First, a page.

Waterman, ChinookPass, Malachai Constant  Anne Elk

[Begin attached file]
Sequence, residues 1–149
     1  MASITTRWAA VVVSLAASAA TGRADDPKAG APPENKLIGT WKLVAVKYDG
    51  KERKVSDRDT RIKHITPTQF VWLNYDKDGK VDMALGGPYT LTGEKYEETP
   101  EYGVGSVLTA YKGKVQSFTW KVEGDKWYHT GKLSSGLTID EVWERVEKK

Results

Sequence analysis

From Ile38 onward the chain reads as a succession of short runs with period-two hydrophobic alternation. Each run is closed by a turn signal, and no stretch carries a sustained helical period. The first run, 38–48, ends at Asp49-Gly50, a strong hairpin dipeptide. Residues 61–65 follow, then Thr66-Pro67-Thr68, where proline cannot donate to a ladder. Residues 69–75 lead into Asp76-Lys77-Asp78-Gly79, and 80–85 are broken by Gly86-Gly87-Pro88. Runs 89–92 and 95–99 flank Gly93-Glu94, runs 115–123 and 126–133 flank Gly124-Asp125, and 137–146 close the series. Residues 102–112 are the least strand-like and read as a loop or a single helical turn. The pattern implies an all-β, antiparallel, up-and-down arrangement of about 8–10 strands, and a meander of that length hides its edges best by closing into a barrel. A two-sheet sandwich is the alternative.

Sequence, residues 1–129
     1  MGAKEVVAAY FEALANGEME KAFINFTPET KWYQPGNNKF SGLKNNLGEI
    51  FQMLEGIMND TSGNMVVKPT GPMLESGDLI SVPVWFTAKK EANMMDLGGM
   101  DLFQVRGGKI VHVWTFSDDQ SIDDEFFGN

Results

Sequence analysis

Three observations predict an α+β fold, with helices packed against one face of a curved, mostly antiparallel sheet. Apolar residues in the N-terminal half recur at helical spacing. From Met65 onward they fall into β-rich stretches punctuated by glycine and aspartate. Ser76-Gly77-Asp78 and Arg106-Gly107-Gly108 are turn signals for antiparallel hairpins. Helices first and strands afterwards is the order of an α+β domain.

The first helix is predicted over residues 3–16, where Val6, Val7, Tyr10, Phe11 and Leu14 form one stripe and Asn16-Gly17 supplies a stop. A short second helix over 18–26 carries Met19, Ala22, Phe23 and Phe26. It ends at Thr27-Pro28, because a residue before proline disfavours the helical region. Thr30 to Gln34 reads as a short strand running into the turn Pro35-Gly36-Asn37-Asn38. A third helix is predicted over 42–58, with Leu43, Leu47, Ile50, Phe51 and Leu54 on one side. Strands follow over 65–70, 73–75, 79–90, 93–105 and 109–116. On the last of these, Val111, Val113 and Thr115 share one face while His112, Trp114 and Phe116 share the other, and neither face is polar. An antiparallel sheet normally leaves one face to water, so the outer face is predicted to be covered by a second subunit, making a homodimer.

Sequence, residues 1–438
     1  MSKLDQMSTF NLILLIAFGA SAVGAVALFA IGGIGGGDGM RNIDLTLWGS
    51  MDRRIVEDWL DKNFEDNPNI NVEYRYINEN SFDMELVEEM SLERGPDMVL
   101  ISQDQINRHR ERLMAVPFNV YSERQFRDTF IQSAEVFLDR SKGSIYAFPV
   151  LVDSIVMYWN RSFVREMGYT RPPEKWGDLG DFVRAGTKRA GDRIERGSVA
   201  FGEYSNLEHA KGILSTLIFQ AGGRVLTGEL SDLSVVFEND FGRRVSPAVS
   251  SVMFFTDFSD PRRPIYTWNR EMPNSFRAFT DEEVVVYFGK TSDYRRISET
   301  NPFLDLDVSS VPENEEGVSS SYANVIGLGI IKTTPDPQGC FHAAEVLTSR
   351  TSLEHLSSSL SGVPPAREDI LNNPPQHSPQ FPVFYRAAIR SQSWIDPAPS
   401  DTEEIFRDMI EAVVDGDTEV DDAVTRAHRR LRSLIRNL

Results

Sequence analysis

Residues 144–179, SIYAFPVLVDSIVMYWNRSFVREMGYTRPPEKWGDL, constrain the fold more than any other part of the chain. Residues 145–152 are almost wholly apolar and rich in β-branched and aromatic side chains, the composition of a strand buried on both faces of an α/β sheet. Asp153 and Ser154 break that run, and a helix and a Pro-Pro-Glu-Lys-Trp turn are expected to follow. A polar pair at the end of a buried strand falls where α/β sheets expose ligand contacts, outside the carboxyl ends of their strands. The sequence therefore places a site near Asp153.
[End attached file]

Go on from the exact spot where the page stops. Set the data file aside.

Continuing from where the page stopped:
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PostMon Dec 05, 2022 3:24 pm